April 17th, 1919 – The Start of Another Texas  Oil Boom

In 1919, the Waggoner No. 1 Well produced 4,800 oil barrels every day starting another oil drilling boom in the Wichita County, Texas area.

S.L. Fowler’s farm was the location of a well that brought in a large number of organizations along Red River border in Oklahoma. This area was producing oil for about seven years by this time and it included Wichita Falls. Due to the amount of competition, most of the newly formed companies would not find success.

There were a number of wells found in the area later known as Northwest Extension Oilfield. The latest being the Waggoner well. The oilfield was made up of roughly 27 square miles of S. Burk Burnett horse ranch. Both of these oil booms in North Texas inspired 1940’s “Boom Town” starring Clark Gable.

April 18th, 1939 – Inventors Improve Old Oil Flow Methods

In 1939, a Los Angeles inventor named Ira McCullough patented a mechanical firing system and a multi-bullet shot perforator that would ultimately improve oil flow methods. The point of the invention was to perforate casing after its installation inside a well and when elements had been shot into the casing, through the formation.

Firing on multiple levels into the borehole enhanced oil flow. The device also included disconnectable means for safety. When charges entered then were lowered to the borehole it rendered the percussion inoperative. This served as a safety measure to protect against inadvertent operation.

Henry Mohaupt also made his own advancements over a decade later, creating an explosive that was hollowed out to perforate wells in 1951. He took advantage of anti-tank technology used in World War II to bring this innovation to life.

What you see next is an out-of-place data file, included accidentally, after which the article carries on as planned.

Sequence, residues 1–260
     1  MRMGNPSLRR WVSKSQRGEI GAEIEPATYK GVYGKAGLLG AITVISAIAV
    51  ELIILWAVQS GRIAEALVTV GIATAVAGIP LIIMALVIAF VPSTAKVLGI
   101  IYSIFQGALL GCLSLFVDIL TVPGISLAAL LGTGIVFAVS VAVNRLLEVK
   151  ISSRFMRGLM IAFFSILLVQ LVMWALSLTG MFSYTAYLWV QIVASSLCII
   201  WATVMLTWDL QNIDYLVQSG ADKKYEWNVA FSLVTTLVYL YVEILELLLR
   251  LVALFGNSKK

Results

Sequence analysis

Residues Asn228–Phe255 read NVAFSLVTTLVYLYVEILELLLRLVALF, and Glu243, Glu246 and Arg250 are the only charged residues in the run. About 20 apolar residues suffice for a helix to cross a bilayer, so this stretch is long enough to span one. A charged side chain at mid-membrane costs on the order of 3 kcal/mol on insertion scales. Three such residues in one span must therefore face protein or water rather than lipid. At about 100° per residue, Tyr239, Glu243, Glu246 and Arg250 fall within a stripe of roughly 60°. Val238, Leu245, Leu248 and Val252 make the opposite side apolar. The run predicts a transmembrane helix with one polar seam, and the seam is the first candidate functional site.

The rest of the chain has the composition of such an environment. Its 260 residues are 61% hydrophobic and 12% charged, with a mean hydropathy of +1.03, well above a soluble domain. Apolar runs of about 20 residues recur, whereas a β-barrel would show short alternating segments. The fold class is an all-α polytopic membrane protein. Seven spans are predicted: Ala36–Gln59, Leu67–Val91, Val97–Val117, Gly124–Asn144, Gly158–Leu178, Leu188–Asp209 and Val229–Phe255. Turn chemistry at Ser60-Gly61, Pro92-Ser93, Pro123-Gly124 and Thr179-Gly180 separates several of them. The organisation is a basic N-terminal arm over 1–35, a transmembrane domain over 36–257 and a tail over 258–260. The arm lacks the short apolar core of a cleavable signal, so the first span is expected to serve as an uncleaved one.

April 19th, 1892 – First Gas-Powered Automobile Takes It’s First Ride

On April 19th, 1892, Frank and Charles Duryea test drove an automobile powered by gasoline that they invented in their workshop in Springfield, MA. This is now credited as the very first automobile made for regular sale in America. The Duryea Motor Wagon Company ended up producing 13 of these cars and shortly after, manufacturers followed suit.

The Duryea brothers made their first automobile sale in 1896. It was named the Duryea Motor Wagon. However, initial usage of the vehicle didn’t go as smoothly as planned. According to one report, a motorist driving the Duryea Motor Wagon hit a cyclist and completed the first recorded traffic accident involving an automobile in America.

In 1900, eight years after the original invention, the automobile appeared at the first auto show in America, which was held in Madison Square Garden. Out of 4,200 of the models sold in the U.S. around 1,000 adopted this gas-powered model introduced by the Duryea brothers.

April 20th, 1875 – New Innovations Make Well Pumping Becomes More Efficient

Levi Streeter and Albert Nickerson from Venango County patented an improvement for well pumping in April 1875 that would go on to vastly improve efficiency in the oil industry. At the time, a single engine powered by steam to pump multiple wells, while the technology created by Streeter and Nickerson utilized a method of walking beams that were linked and balanced.

According to the patent, while one walking beam would lift from one well, a third well would also lift. Wells two and four would perform the opposite task at this time.